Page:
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Figure S1. Kaplan-Meier analyses of the impacts of TERT promoter mutations on survival curves of patients with papillary thyroid cancer (PTC). A and C. Impacts of the TERT promoter mutation on patient survival. B and D. Impacts of the TERT promoter mutation on the disease recurrence-free survival of patients. A and B represent analyses on all the PTC patients and C and D represent analyses only on patients with conventional PTC. Patients were divided into two groups, TERT promoter mutation-positive versus –negative groups, in these analyses of the impacts of TERT promoter mutations as performed in many previous studies (without dissecting the role of BRAF V600E and RAS mutations).

Figure S2. Kaplan-Meier analyses of the impacts of BRAF V600E, RAS or TERT promoter mutations or their coexistence on patient survival and disease recurrence-free survival of patients with conventional papillary thyroid cancer (CPTC) in the TCGA database. A. Impacts of BRAF V600E or TERT promoter mutations or their coexistence on CPTC patient survival. B. Impacts of BRAF V600E or TERT promoter mutations or their coexistence on CPTC recurrence-free survival. The analyses in A and B were performed with exclusion of the cases positive for RAS mutations. C. Impacts of RAS or TERT promoter mutations or their coexistence on CPTC patient survival. D. Impacts of RAS or TERT promoter mutations or their coexistence on CPTC recurrence-free survival. The analyses in C and D were performed with exclusion of the cases positive for BRAF V600E mutation. E. Impacts of BRAF/RAS or TERT promoter mutations or their coexistence on CPTC patient survival. F. Impacts of BRAF/RAS or TERT promoter mutations or their coexistence on CPTC recurrence-free survival. The analyses in E and F were performed on the whole CPTC patients without genetic-based exclusion.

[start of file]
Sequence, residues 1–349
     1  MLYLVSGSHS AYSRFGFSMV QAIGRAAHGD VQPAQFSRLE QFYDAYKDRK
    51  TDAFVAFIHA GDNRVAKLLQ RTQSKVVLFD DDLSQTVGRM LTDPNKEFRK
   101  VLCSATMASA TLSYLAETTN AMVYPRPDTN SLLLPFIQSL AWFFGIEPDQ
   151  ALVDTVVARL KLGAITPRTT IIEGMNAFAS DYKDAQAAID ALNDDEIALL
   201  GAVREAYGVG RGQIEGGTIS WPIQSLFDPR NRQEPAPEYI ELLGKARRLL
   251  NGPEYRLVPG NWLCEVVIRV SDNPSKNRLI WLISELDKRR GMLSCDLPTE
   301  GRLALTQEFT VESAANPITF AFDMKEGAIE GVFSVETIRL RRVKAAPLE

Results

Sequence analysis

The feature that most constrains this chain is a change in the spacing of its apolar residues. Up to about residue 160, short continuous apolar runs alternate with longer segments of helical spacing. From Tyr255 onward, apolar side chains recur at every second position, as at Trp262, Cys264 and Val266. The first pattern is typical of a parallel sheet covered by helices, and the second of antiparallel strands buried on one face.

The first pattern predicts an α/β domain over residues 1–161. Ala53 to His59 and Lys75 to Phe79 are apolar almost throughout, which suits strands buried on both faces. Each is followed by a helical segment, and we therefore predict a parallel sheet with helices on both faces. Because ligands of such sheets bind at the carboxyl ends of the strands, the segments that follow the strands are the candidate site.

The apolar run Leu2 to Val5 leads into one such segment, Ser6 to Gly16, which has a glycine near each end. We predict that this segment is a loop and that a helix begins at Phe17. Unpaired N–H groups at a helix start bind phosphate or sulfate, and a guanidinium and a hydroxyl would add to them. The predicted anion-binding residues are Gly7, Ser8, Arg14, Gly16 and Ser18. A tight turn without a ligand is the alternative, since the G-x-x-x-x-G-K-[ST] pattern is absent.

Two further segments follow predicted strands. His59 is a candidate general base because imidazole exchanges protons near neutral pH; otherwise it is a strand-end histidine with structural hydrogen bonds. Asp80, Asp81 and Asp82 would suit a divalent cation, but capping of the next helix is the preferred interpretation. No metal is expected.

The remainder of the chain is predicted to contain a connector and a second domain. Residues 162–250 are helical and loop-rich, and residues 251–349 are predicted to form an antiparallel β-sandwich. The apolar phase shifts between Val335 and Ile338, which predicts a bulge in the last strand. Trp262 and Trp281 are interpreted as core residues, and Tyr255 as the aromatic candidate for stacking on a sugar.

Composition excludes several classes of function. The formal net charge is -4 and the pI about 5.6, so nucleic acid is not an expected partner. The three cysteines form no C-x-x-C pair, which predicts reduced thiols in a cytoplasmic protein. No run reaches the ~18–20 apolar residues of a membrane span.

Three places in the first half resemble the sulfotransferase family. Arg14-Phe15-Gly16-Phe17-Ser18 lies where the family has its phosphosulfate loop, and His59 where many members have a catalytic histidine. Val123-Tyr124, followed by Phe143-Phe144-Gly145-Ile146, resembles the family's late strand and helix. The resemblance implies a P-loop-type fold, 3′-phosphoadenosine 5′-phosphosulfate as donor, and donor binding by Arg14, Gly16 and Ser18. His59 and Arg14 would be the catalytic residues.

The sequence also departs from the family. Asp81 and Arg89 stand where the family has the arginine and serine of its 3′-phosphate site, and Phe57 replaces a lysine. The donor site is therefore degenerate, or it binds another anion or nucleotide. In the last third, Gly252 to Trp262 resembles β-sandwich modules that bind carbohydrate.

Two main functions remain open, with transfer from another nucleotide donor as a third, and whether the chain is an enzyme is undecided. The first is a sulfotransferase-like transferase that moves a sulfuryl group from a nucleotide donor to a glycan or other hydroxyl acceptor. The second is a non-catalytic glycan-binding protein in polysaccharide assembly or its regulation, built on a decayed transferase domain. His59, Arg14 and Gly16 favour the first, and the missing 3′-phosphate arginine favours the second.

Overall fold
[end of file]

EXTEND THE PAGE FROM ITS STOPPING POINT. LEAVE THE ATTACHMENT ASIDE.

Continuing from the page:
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Acknowledgments

The results published here are in part based upon data generated by the TCGA Research Network: http://cancergenome.nih.gov/.

Funding

This study was supported by U.S.A. National Institutes of Health (NIH) grants R01CA113507 and R01CA189224 to M Xing.

Footnotes

Declaration of interest:

M Xing receives royalties as co-holder of a licensed USA patent related to BRAF mutation in thyroid cancer. Other authors declare no conflict of interest.

Author contributions

M X conceived, designed and supervised the study. X S collected the data. X S, R L and M X performed the analysis and interpreted the results. X S and M X wrote the manuscript. X S, R L and M X revised and approved the manuscript.